Full HD video is practically standard on SLR cameras these days and this has opened up a world of possibilities for would-be filmmakers. So, if I can drag you away from your lewd thoughts about videoing your partner in their knickers for a second, here are my top tips to get you started.
Zoom lenses are great, but if you really want to maximise the potential of your video, consider buying some fixed focal length or prime lenses (35 mm, 50 mm and 85 mm work well). In particular, try to get the fastest lenses possible (i.e. the widest possible f-stop) to increase your ability to shoot in low light.
Buy a good quality memory card of at least 32 GB capacity. Cheaper, slower cards can overheat due to the amount of data being transferred and are prone to skipping. Look for a class 10 data-transfer rating.
Keep your camera still when shooting – this prevents your audience from getting seasick. If possible, use a tripod or buy a shoulder rig. SLRs in particular suffer from jelly-lens, which essentially means the ultra thin sensor warps slightly if you move the camera too rapidly, resulting in distorted shots on screen.
Shoot in bursts
Many SLRs are limited to shooting clips about 10 minutes long. If you’re filming your daughter’s wedding speeches, remember you’ll have to shoot in bursts (come to think of it, an even better approach is to keep the speeches short).
If possible, it’s worth investing in good editing software. Windows Movie Maker and Apple’s iMovie are great for starting out, but if you really want to develop the Tarantino in you, you’ll need a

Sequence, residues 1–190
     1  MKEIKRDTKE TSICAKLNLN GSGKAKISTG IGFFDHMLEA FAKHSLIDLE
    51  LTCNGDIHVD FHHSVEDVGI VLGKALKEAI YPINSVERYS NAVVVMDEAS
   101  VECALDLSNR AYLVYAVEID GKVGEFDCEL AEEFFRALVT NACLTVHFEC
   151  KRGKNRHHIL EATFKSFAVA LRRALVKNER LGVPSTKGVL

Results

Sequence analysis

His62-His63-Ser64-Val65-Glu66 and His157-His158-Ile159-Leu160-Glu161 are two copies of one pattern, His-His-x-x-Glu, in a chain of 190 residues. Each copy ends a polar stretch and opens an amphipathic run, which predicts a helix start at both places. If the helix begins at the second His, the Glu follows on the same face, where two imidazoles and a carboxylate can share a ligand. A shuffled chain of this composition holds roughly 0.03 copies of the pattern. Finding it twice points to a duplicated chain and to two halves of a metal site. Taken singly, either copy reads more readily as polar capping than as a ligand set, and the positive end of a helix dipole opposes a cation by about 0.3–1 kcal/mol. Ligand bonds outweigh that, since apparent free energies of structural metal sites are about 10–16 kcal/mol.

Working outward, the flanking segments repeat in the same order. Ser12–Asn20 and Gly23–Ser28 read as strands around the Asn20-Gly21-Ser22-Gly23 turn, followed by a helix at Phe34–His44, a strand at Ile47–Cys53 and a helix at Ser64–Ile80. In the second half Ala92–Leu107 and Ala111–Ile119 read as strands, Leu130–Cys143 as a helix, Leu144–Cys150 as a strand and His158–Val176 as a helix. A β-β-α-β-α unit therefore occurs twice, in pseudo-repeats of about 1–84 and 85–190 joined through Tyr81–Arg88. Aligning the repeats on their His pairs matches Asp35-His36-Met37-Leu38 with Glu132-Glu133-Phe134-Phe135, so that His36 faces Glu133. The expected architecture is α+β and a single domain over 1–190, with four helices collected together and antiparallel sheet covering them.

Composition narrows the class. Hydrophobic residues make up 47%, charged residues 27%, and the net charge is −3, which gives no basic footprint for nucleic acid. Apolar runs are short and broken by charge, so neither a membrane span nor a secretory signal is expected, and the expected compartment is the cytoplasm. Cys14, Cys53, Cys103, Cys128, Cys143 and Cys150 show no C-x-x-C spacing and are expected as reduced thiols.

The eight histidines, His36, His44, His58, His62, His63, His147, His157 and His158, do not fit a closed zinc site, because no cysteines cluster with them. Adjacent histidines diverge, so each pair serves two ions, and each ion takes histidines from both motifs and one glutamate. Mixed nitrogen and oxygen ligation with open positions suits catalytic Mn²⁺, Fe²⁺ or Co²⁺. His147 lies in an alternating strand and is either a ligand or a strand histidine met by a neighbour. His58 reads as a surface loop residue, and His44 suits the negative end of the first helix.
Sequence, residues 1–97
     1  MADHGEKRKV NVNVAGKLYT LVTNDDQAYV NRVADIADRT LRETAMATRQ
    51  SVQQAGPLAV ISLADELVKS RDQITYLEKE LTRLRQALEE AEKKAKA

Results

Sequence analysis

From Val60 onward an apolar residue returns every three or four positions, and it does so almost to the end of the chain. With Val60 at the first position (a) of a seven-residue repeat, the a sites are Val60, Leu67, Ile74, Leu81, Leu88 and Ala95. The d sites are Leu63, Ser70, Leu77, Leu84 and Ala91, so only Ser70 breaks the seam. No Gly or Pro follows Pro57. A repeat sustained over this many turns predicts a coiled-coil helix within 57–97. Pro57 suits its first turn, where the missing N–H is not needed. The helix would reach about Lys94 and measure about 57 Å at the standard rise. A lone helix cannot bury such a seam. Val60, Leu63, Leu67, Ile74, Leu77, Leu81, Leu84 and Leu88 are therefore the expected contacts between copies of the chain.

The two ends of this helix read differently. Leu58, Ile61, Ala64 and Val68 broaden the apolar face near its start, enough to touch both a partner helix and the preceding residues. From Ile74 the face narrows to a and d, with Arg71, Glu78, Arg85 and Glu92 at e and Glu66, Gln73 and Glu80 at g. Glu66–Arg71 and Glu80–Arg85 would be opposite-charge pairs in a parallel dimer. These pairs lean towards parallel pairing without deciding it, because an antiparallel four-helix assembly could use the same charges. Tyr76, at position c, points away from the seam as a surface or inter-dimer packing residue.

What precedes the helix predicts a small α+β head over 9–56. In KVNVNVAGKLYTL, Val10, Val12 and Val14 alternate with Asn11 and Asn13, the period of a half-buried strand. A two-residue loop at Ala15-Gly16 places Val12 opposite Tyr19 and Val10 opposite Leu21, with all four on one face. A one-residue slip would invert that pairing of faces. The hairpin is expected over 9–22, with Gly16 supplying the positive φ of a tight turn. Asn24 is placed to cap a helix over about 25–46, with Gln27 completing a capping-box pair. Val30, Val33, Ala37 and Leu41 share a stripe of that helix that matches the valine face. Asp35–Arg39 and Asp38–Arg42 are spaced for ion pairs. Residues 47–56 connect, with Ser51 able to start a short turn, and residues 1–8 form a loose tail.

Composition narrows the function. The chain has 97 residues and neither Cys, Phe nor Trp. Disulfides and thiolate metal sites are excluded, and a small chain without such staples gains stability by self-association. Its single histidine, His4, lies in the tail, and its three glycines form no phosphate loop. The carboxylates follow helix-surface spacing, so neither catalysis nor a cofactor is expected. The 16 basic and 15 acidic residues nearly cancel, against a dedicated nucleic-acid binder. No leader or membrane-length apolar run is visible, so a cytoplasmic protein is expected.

decent editing suite.
Some SLRs have limited sound recording on board, some have the ability to plug in microphones, and others have both microphone and earphone capabilities. Depending on what you’re shooting and the importance of sound, you need to think about how you’ll record good audio. One option is to purchase an external sound recorder. Alternatively, iPods have terrific sound recording apps and can accept a range of microphones, making them an exciting and versatile option.
- Try to avoid excessive zooming. Great film-makers tend not to zoom unless they’re using crash zooms (i.e. rapid zooms) for creative impact. If you want to zoom, move the camera itself, which is more natural to the human eye.
- Remember that framing usually changes from a 3:4 ratio in still photography to a wider 16:9 panoramic frame in video. Make sure you take note of the crop marks in your viewfinder.
- Always check your focus – especially if the camera is on autofocus – to ensure it’s on the point in your frame where you want it and hasn’t shifted.
- Effectively, there’s no difference between video and stills in terms of exposure. Watch your ISO and f-stop to prevent grainy results on screen.
- Remember to tell a story in your movie – with a strong intro, engaging middle and powerful ending. If you intend broadcasting online, keep it short; less than three minutes has the maximum impact.
- As a rule, try to edit together short clips of 10 to 20 seconds in length. Shoot longer clips only for dramatic effect.
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